Blow Past Plateaus and Build Strength with LVR Training
When it comes to getting strong
, there are no magic wands, no miracle programs -- no substitutes for hard work and a willingness to push yourself harder week to week. But there may be some strategies worth employing if you want to get strong faster
than the other guy. One such tactic is the implementation of bands in your heavy workouts.
By adding bands, you're making an already demanding lift that much more so. But like other techniques that require more of your musculature, it's a calculated overload. Bands offer a specific type of resistance called linear variable resistance (LVR), which makes a lift harder to complete as the range of motion increases. This means that more total muscle fibers are engaged, both on the positive and the negative, which paves the way for greater strength (and size)
THE BOOK ON LVR TRAINING
There is a boatload of research supporting the use of LVR in your workouts. Researchers at Truman State University (Kirksville, Missouri) found that the use of bands in bench press training provided a significantly greater increase in bench press strength and power compared to those who utilized only free-weight resistance. Another study showed that athletes who used LVR in addition to free weights had significantly more power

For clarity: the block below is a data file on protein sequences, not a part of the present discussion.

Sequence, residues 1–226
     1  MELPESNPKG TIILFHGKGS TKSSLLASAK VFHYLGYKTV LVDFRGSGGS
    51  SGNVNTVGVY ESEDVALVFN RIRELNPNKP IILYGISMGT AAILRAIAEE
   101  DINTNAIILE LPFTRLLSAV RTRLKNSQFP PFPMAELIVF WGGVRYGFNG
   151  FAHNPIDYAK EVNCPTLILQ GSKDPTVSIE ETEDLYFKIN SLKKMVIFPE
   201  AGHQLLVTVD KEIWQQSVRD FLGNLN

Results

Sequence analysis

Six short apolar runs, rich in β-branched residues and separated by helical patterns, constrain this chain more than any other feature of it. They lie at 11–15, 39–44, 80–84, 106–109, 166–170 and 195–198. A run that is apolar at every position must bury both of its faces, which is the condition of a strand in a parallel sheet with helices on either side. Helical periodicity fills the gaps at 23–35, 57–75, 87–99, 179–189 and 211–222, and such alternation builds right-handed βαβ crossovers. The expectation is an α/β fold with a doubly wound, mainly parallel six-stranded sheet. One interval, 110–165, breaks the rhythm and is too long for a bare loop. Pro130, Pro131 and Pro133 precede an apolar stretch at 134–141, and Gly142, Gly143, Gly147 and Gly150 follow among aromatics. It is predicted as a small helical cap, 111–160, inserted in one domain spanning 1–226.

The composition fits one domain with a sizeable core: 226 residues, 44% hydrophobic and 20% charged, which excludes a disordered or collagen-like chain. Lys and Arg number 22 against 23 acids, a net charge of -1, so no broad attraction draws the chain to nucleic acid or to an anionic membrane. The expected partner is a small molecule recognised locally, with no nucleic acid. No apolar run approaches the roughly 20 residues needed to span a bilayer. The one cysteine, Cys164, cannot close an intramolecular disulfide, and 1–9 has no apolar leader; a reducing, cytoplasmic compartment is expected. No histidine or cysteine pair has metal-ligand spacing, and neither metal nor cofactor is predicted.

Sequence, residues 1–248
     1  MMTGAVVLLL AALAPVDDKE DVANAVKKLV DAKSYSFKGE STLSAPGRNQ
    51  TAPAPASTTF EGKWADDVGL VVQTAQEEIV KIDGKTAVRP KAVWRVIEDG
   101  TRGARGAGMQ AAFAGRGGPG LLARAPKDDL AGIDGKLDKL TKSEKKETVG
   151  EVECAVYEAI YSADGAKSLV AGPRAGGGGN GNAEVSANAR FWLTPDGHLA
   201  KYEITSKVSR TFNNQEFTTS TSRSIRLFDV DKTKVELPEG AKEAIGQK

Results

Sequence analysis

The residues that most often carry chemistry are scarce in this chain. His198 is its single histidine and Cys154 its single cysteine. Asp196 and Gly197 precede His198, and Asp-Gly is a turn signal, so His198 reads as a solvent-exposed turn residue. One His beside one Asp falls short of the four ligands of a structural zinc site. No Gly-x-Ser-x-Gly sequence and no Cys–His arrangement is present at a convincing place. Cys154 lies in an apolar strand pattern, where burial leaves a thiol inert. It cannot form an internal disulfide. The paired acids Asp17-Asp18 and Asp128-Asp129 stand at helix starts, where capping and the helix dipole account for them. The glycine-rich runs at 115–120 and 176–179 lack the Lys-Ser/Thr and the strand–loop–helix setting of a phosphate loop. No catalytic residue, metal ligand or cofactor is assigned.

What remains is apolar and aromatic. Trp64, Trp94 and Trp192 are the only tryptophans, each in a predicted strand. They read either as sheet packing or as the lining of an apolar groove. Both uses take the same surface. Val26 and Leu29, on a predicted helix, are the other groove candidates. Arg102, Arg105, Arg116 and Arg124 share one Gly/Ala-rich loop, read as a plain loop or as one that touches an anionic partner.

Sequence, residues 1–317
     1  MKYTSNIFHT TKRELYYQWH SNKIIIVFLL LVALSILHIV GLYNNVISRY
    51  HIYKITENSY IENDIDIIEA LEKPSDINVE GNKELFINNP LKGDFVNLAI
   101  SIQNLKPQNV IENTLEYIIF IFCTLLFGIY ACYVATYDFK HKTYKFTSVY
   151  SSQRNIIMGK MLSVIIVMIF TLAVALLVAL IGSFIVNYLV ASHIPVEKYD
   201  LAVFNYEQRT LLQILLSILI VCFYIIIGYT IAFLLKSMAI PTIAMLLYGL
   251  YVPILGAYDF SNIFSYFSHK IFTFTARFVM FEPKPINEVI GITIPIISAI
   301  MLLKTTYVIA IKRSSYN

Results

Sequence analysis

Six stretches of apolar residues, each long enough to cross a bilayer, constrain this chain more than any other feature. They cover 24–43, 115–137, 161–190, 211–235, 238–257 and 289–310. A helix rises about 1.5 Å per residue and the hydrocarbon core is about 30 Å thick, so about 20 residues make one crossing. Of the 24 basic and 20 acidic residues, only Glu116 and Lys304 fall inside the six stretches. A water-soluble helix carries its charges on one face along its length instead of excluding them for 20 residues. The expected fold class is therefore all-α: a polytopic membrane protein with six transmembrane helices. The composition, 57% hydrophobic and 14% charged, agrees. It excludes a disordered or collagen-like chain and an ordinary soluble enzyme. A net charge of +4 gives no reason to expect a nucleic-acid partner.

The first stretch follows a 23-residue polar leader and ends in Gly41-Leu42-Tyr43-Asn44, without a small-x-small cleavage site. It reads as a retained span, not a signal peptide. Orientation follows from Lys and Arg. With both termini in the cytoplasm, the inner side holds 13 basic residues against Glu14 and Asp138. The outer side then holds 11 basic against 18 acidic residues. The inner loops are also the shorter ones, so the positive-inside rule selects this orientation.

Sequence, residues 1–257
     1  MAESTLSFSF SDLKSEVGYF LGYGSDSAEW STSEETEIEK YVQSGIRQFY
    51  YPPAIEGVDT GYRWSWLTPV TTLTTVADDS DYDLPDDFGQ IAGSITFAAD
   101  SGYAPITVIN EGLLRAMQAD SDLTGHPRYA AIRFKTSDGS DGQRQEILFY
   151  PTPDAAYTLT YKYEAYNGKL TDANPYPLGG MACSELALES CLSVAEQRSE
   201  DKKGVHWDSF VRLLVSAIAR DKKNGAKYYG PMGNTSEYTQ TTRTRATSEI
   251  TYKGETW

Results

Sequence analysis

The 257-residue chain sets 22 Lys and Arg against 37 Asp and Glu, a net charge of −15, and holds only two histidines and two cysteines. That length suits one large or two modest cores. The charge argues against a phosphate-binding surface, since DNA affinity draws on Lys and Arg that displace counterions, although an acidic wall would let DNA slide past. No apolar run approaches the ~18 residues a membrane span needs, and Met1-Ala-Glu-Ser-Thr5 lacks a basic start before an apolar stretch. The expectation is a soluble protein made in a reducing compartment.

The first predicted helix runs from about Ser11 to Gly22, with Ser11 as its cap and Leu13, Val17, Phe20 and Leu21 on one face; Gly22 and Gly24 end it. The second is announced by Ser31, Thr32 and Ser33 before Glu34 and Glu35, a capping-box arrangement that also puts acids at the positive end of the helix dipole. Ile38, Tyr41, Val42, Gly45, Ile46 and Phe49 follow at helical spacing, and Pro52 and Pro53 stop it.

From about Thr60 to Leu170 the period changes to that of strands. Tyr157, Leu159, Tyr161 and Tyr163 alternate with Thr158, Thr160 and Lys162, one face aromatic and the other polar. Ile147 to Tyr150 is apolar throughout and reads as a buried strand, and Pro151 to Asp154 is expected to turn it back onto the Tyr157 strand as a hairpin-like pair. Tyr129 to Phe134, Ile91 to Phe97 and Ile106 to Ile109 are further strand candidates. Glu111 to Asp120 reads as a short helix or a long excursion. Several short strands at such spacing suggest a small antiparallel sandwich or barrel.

than when they performed only free-weight training.
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Grab a set of bands from Bodylastics (www.bodylastics.com
) and toss them in your gym bag or see if your gym has a set. To start, try using them on the squat and the bench press. Begin by using approximately 30% of your 1RM for three sets of five reps as your first exercise on your normal chest and leg days.
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Secure the bands around the bottom of the rack, heavy dumbbells or around low-set safety bars. Set the bands in such a way that taking the bar off the rack doesn't pull you forward or back or make the movement awkward. After a careful descent, explode upward to counter the additional resistance of the bands.
BAND BENCH PRESS
Loop the bands around the base of a power rack. As with squats, be sure to fix collars on the ends of the bar to hold the bands securely in place. As with the squat, aim to generate maximum force on the positive rep.